Minnesota State health officials have identified green whole head cabbage as the likely source of an E. coli O111 outbreak that sickened 15 people in Minnesota in July.
The cabbage was likely contaminated at some point prior to distribution to restaurants.
Routine monitoring by the Minnesota Department of Health (MDH) identified the 15 cases of illness associated with Shiga toxin-producing E. coli O111. Bacterial isolates from all of the cases had the same DNA fingerprint. This genetic strain of E. coli O111 had not been seen in the United States previously.
MDH investigators were able to interview 14 of the cases: 13 of them ate at 9 different Applebee’s restaurants in Minnesota, and one ate at Yard House.
Many cases had reported eating the Oriental Chicken Salad at Applebee’s, leading Applebee’s to voluntarily and out of an abundance of caution pull the menu item and specific ingredients from the salad from their menu for a time. It was returned to the menu after Applebee’s obtained different sources for the ingredients.
The common food item across all foods consumed by cases was green whole head cabbage.
Minnesota officials traced the cabbage to a common supplier outside of Minnesota and continue to work with the United States Food and Drug Administration (FDA) to investigate its source. The FDA examination of the potentially involved farms is still ongoing.
Single cases of illness that match the outbreak strain have occurred in three other states.
The illnesses occurred between June 25 and July 3. Four of the people who became ill were hospitalized and all have recovered. No new cases connected with this outbreak have been identified in Minnesota since July 10.
Symptoms of illness caused by E. coli O111 typically include stomach cramps and diarrhea, often with bloody stools, but only a low-grade or no fever. People usually become ill two to five days after exposure, but this time period can range from one to at least eight days. Most people recover in five to 10 days. Complications from infection are more common among those with weaker immune systems, including young children and the elderly. As with E. coli O157:H7, infection with E. coli O111 should not be treated with antibiotics, as this practice might promote further complications.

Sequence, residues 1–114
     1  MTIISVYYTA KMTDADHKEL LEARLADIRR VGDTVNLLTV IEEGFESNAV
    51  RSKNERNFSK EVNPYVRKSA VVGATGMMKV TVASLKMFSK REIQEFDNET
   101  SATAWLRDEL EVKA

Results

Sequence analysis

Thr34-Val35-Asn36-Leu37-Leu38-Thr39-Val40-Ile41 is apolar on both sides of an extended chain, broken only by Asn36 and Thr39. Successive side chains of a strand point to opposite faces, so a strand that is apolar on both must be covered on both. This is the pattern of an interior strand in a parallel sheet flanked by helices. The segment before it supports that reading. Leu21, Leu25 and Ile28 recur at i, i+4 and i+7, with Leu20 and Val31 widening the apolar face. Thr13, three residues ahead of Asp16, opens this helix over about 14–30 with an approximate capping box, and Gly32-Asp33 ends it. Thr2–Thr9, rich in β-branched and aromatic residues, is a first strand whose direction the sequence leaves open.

The Cyclospora illness outbreak being investigated by DSHS and local health departments in Texas along with the federal Centers for Disease Control and Prevention and Food and Drug Administration appears to have ended. The number of new illnesses being reported has returned to background levels, and the investigation has linked the cases in four restaurant clusters to cilantro imported from Puebla, Mexico.
Cyclosporiasis is an intestinal illness caused by consuming food or water contaminated with the Cyclospora parasite. The major symptom is watery diarrhea lasting a few days to a few months. Additional symptoms may include loss of appetite, fatigue, weight loss, abdominal cramps, bloating, increased gas, nausea, vomiting and a low fever. Symptoms may come and go multiple times over a period of weeks.
126 cases are considered part of the outbreak with an onset of illness after May 1 and no history of international travel within the two weeks before onset. Most cases occurred in June and July. However, it is unknown whether all illnesses are linked to cilantro. 166 total cyclosporiasis cases have been reported in Texas in 2014. Most of the cases are in residents of North Texas.
DSHS, in conjunction with local health departments, investigated four restaurant clusters in North Texas that included a total of 21 people who got ill. All 21 reported eating a food item from the restaurant containing cilantro within two weeks before becoming ill. A preliminary traceback investigation conducted by FDA and DSHS has identified Puebla, Mexico as the source of the cilantro that was served in all four restaurants. While the investigation has not found samples of cilantro contaminated with cyclospora, there is enough evidence to establish a strong epidemiological link between the illnesses and the cilantro. The state of Puebla was also identified as the source of fresh cilantro linked to a cyclosporiasis outbreak in 2013.